Silver beet and snow peas are very useful vegetables in the home garden.
The leaves of silver beet are a good source of vitamins and minerals and can be included in a variety of recipes. Silver beet is generally an easy-care plant as few pests attack it. Damage from caterpillars, evidenced by holes in the leaves, can occur in warmer months. Rust, a fungal disease, may result from humid conditions.
Plants affected will have brown spots on older leaves. These should be removed and disposed of in the general garbage, rather than being composted.
Silver beet varieties include Fordhook Giant, the most commonly planted variety, as well as Rainbow Chard, which produces leaves similar to the main variety but with the addition of colourful stems. These can be crimson, yellow or orange and add a touch of colour to the garden. They can be planted in the ornamental section of the garden for added colour effects.
A sunny position should be selected with enough space between individual plants to allow for good air circulation. Good drainage is essential. Sandy soils should have compost and manure added to them a couple of weeks before planting. Heavier soils should be loosened to break up any clods.
A steady supply of food (general fertiliser) and water will help the plants to grow quickly and thus produce tender, tasty leaves.
Snow peas are easy to grow. Seeds should be sown at a depth about three times the diameter of the seed. They should be sown into the position where they will grow. Plants will not grow well in hot weather, so it is preferable to wait until the soil has cooled.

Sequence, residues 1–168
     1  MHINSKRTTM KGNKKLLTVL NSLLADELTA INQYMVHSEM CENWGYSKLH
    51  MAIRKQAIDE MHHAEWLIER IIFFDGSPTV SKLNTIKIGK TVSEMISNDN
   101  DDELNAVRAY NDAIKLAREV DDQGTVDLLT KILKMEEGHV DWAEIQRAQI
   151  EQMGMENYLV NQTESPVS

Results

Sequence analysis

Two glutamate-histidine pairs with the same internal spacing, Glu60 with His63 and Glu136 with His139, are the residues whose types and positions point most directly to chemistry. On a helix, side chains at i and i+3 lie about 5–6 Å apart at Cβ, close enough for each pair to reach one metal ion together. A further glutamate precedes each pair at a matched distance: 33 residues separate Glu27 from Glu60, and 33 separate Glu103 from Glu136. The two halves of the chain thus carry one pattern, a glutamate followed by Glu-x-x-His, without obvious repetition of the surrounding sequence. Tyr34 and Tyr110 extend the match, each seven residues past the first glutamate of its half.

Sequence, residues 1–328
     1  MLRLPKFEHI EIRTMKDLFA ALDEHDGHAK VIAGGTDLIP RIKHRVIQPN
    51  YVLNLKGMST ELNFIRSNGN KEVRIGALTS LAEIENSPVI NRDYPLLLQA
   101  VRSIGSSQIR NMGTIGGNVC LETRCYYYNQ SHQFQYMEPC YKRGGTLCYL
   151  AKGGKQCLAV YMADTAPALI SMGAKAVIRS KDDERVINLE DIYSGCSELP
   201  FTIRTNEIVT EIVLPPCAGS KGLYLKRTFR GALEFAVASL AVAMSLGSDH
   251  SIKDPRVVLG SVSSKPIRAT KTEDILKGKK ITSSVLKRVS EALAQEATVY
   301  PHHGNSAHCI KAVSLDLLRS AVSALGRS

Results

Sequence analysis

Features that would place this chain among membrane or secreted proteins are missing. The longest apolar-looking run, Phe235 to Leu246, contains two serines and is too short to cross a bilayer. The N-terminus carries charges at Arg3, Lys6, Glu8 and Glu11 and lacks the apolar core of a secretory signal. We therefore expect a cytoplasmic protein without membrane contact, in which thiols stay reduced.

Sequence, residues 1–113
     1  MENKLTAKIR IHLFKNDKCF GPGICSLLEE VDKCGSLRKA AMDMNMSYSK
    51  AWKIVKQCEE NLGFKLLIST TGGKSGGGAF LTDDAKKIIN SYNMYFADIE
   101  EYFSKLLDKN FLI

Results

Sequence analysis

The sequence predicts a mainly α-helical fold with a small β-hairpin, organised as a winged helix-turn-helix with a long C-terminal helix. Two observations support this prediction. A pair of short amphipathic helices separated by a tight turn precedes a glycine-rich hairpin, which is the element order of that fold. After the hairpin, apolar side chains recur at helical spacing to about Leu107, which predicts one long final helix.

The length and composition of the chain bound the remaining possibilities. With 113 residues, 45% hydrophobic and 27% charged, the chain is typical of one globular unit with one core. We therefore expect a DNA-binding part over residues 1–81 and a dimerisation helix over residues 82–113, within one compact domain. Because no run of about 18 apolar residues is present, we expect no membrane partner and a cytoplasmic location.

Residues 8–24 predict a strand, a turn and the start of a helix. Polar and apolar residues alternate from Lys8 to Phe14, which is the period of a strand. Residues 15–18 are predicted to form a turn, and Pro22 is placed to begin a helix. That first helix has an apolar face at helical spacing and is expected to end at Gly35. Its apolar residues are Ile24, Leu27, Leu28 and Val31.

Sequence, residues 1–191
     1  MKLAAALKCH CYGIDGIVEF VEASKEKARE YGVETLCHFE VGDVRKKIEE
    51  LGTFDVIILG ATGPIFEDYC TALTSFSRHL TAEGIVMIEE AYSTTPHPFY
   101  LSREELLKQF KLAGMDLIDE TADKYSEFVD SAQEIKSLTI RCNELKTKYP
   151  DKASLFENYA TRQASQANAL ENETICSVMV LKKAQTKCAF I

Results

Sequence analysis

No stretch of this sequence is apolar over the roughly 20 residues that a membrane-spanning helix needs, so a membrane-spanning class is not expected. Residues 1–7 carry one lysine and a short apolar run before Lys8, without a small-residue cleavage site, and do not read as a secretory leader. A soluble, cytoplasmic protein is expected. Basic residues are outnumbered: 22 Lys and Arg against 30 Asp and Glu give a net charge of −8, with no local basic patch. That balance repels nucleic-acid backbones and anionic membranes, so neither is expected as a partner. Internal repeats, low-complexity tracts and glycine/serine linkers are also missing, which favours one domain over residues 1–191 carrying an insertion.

Snow peas produce pods similar to garden peas, but they are softer. The pods should be picked before the pods become tough. Plants may need protection from birds. Seeds sown now should be ready for harvesting between July.
MAKING WHITE OIL
Horticultural oils are among the safest and most effective ways of controlling a range of sap-sucking and chewing pests in the garden. Aphids, scale, mealy bug and citrus leaf miner as well as caterpillars can all be controlled through the use of horticultural oils.
To make white oil mix two cups of vegetable oil, such as sunflower oil, with a half cup of washing-up liquid. The mixture should be placed into a lidded jar, so that it can be shaken well to produce concentrated white oil. The jar should be labelled and stored in a cool, dry place. It should remain effective for about three months.
When using the white oil, it should be diluted at the rate of two dessert spoons of oil, mixed with one litre of water. It would be preferable to include the dilution rate on the label.
White oil may be used safely on broad leaved trees and shrubs, where sap-sucking and chewing insect pests are present. However, if the oil is used on soft-leaved plants it may burn the leaves.
Many gardeners enjoy a bright display of sweet pea flowers, with their accompanying delightful fragrance, in spring. These may be low-growing plants grown as garden bed borders or in baskets, or taller varieties that climb structures.
Sweet pea seeds should be sown in autumn in order to ensure they grow and flower through winter and spring, before the weather becomes too warm. Choose an open, sunny position with good drainage.
The addition of lime, at the rate of 100 grams per square metre, will benefit the plants.
Before sowing the seeds, a trellis or climbing frame should be constructed, if a taller growing variety has been selected. This will ensure that the tendrils on the young plants can begin to attach themselves to the frame as they emerge from the soil.
Sweet pea seeds have a hard exterior. This can sometimes inhibit germination of the seed.
Scarifying the seeds and then soaking them overnight in warm water will greatly assist germination.
Seeds that have been soaked will swell considerably, making germination occur quite quickly, particularly if the seeds have been planted into light soils.
Seeds that are to be planted into heavier soil may not need treatment as the moisture in the soil will assist with germination.